Two years personal tax returns are required to verify the amount of your dividend and/or interest income so that an average of the amounts you receive can be calculated. In addition, we will need to verify your ownership of the assets that generate the income using copies of statements from your financial institution, brokerage statements, stock certificates or Promissory Notes.

    Income from dividends and/or interest must be expected to continue for at least three years to be considered.

    The amount of dividend/interest income that can be used may be limited on purchase transactions. Since some of the assets that generated that income may be used towards the down payment of the new home, those assets used are no longer available to generate dividend/interest income.

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  11. Do I have to provide information about my child support, alimony or separate maintenance income?

    Information about income you receive from child support, alimony, or separate maintenance does not need to be provided unless you wish to have it considered for repaying this mortgage loan.

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  12. Will my second job income be considered?

    Typically, income from a second job will be considered if a two-year history of stable secondary employment can be verified.

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  13. What can you expect when you apply for a first mortgage?

    First, you'll complete our on-line application. The application will ask you questions about the home and your finances and takes less than 20 minutes to complete. As soon as you've finished the application we'll review your request for instant approval. If your application is approved on-line, we'll ask you for a deposit to process your request immediately. This deposit will be credited towards your closing fees at closing.

    After completing your application, a Mortgage Representative will contact you to introduce himself or herself and to answer any questions you may have. Your Mortgage Representative is a mortgage expert and will provide help and guidance along the way. If your request wasn't approved on-line, he or she will ask you for any information required to make a decision about your loan.

    Disclosures will be sent within three days and will contain papers for you to sign and a list of items we'll need to verify the information you provided about your finances during the on-line application.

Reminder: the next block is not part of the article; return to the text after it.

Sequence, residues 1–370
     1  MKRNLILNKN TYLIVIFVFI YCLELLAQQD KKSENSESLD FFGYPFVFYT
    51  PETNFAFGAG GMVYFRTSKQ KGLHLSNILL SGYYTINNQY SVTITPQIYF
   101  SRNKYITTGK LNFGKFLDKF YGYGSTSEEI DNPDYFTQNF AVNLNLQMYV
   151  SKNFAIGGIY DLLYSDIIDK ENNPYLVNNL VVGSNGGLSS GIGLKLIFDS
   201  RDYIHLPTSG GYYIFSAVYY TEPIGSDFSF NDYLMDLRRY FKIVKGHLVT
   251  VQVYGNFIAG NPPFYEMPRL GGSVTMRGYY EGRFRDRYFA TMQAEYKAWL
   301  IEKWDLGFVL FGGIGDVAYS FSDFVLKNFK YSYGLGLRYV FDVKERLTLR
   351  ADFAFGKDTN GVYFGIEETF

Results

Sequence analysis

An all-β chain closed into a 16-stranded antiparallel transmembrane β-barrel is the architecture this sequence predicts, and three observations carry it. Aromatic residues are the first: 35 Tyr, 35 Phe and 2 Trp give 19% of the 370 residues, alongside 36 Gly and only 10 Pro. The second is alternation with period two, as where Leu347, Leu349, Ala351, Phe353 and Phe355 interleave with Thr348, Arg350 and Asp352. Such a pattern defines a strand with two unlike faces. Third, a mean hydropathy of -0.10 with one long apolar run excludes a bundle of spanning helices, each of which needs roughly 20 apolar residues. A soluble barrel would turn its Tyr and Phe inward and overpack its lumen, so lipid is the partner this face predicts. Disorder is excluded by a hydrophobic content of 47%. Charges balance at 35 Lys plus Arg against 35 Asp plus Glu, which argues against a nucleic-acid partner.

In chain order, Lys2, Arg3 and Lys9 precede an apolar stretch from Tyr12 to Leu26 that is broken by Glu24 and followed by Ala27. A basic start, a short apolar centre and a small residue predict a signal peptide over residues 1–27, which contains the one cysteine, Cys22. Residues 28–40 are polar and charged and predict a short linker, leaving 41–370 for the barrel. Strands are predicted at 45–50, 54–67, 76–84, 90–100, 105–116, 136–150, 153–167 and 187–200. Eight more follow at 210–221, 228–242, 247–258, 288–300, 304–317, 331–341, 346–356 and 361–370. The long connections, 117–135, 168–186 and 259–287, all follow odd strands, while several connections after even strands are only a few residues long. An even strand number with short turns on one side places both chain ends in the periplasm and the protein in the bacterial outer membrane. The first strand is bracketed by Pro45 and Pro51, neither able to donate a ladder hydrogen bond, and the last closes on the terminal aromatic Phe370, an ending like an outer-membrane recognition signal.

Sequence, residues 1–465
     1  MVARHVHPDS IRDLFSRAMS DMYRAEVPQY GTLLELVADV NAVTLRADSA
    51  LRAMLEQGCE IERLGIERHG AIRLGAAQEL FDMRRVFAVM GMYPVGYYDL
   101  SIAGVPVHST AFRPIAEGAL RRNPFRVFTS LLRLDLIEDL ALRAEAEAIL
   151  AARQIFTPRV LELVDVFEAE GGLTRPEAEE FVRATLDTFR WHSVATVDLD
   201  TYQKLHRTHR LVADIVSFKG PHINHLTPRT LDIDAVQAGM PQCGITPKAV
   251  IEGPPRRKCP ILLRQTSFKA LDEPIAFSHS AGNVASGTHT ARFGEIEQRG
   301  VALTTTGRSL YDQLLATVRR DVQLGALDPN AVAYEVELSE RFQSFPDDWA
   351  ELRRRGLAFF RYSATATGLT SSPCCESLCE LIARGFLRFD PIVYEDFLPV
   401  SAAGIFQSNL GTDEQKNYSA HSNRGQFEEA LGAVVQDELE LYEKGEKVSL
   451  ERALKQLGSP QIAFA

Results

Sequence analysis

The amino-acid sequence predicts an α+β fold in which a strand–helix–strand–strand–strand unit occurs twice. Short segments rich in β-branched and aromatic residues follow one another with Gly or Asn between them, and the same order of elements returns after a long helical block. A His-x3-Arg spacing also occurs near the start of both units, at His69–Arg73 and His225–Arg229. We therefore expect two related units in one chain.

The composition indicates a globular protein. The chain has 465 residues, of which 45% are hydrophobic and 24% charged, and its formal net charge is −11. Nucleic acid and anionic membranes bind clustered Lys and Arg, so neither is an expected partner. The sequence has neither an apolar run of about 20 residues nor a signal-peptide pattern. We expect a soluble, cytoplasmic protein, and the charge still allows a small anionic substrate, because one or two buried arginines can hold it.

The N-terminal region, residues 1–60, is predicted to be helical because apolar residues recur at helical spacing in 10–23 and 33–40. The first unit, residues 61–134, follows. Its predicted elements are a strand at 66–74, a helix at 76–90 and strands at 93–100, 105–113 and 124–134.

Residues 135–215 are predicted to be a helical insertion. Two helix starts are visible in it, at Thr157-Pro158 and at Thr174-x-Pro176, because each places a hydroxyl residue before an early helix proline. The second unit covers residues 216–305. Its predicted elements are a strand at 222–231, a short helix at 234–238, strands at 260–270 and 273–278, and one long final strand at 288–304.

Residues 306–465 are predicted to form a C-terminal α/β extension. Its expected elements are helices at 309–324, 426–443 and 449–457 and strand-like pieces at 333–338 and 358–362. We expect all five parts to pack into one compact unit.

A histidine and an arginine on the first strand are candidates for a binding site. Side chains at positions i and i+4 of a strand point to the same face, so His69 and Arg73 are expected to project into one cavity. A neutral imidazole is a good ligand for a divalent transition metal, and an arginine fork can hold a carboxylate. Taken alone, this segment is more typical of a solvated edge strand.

We'll order the appraisal from a licensed appraiser who is familiar with home values in your area. Depending on your finances and the loan amount requested, different types of appraisals are used. Sometimes the appraiser will need to view the home. Sometimes they are able to do their evaluation from the street.

    Title insurance will be necessary. If you're purchasing or refinancing a home, we'll work with the attorney or Title Insurance Company to ensure the title work is ordered as soon as possible. We'll use the title insurance to confirm the legal status of your property and to prepare the closing documents.

    Your Mortgage Representative will keep you informed every step of the way. We'll contact you to coordinate your closing date.

    After we received the disclosures back from you and the appraisal and title work, we'll contact you to schedule your loan closing. If you are purchasing a home, we'll also schedule the closing with the real estate broker and the seller.

    The closing will take place at the office of a title company or attorney in your area who will act as our agent. A few days before closing, your Mortgage Representative will contact you to walk through the final information so that there won't be any surprises at closing.

    That's all there is to it! You're on your way to the most convenient home loan ever!

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  14. I've had a few employers in the last few years. Will that affect my ability to get a new mortgage?

    Having changed employers frequently depends on the individual loan scenario. We'll look at the reasons for your employment changes, if there was any lapse of time between jobs and we will look at your income advancements as you have changed employment.

    If you're paid on a commission basis, a recent job change may be an issue since we'll have a difficult time of predicting your earnings without a history with your new employer.

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  15. I was in school before obtaining my current job. How do I complete the application?

    If you were in school before your current job, enter the name of the school you attended and the length of time you were in school in the "length of employment" fields. You can enter a position of "student" and income of "0." As part of the application process, we may request a copy of your school transcript showing the dates you attended school . The length of time required at your current job may vary depending on the characteristics of the loan you are requesting.